An important element of practicing safe emergency dismounts is correcting unsafe practices when they occur.  In most instances, someone can get away with relatively minor unsafe practices and not have an injury occur.  The bases can drop the flyer to her feet from the shoulder height and she will probably be okay.  Minor issues like this are usually the result of the group simply being in a hurry to move on to the next attempt.  Sometimes it is the result of laziness.  Either way, as a coach or teammate, when you see these lapses in safe technique it is important that you correct them every single time.  Safety is a habit, and so is the lack of safety.

The final point I will make about safety is to never be in a hurry.  When people rush, they make mistakes they would not ordinarily make.  If you start to feel like you are rushing, announce that it is time for a water break.  If you are coaching practice and you do not want to break (for instance you want to keep the team warm and their heart rate up), switch from stunting to jumps for a few minutes and then return to stunting.  Rushing during stunts is not the only time that it can be harmful.  You should not rush to get a new trick.  This is another progressions issue.  I mention it (again) because I frequently hear teams announce in August that they HAVE to get their Full-up Libs by Nationals (as an example).  My response to this is to ask, “Or what?”  The truth is, you do not HAVE to do so.  The world will keep turning if you don’t.  Your team will still compete.  The season will not end.  You should certainly work hard, but if you are rushing, you are quite possibly biting off more than you can chew.  This almost always lends itself to unsafe practices.  And remember that NOTHING slows down your progressions like a serious injury.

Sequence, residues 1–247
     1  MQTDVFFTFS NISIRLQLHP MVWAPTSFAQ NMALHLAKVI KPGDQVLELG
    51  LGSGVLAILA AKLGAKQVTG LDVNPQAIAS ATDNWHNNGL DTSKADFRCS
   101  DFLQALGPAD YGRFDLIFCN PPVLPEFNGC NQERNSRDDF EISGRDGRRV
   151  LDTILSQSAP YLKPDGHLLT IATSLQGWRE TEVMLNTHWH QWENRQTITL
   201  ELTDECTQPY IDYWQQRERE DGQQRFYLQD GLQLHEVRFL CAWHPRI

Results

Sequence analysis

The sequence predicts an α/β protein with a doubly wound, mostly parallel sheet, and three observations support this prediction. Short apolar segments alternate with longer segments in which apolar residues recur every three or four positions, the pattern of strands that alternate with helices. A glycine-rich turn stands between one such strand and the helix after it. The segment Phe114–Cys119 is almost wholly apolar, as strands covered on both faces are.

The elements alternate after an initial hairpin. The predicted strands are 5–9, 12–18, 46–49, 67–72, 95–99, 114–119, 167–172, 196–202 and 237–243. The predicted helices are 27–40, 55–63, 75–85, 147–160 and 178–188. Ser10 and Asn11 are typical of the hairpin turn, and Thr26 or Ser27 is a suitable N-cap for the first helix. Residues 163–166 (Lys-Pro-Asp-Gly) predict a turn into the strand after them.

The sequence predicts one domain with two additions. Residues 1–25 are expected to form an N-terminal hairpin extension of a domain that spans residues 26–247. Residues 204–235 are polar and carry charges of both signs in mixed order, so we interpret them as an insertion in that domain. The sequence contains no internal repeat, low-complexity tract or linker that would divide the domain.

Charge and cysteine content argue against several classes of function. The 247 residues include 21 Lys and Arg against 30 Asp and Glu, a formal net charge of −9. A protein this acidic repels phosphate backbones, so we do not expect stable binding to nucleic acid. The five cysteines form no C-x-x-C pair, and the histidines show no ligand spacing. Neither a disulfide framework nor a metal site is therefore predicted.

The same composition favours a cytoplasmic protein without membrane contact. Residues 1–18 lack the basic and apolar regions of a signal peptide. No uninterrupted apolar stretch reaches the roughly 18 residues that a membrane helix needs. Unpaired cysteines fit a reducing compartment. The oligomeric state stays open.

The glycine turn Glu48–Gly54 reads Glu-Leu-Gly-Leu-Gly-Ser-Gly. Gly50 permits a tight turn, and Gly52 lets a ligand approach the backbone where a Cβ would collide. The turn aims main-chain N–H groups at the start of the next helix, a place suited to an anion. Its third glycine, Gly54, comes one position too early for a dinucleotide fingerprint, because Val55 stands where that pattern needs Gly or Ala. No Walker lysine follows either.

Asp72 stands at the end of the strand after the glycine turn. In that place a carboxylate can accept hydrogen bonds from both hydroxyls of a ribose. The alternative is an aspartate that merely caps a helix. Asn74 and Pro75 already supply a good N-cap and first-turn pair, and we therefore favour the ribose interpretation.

Stunt safety is something you have to be constantly aware of.  You must always practice correct and safe techniques so that they become habits.  But remember that the real key to safe stunting is to use good judgement!

Explore posts in the same categories: Stunting

14 Comments on “Stunt Safety”

  1. hscheercoach Says:

    Thanks for your posts….this is the first time I am logging on and I am going to go back and read some of your older posts! Thanks!

  2. Flyer2102 Says:

    Also if your team is a level 2, you shouldn’t attempt to be level 3 by nationals when it isn’t realistic..

    So many Australian coaches are more focused on having a higher level squad even if it performs poorly, than having a successful lower level squad.

    I would rather rock at level 2 than compete in a higher level that not everyone in my team can achieve the minimum skill set.

  3. Courtney Says:

    so how are you suposed to fall i just fall into a cradle position and my back spot catches under my arms and kinda grabs me

  4. Lisa Says:

    I am a coach of an all-girl team in Germany. Could you please describe what you mean by a “sweep cradle”? We recently had a flyer fall from an extended liberty and wind up with concussion. 😦 This happened with 2 extra spotters….the third caught her but she somehow flipped backwards over the third’s shoulder. We have since revisited spotting and emergency cradles, but somehow the problem remains that the bases still have the flyer’s foot while the flyer is falling and it is completely up the the third to catch the flyer’s head and neck…this seems way to risky! The bases say they can’t let go fast enough because of the downward pressure being put on their arms by the flyer. I have since tried to teach the girls to bring the flyer straight back down with the foot still under her hip, but this doesn’t always work out well and I worry that the flyer will twist her ankle while trying to step back down from the stunt. It is hard to know when to keep trying to hit the stunt and when to call for an emergency cradle/step down…mostly it just happens without much time to call for anything. What is safer…emergency cradles or bringing her straight back down??

    Any feedback would be greatly appreciated!!

    Love you blog!!

    • Thanks for your comment and the compliment. I’m so glad to have readers using and enjoying the blog.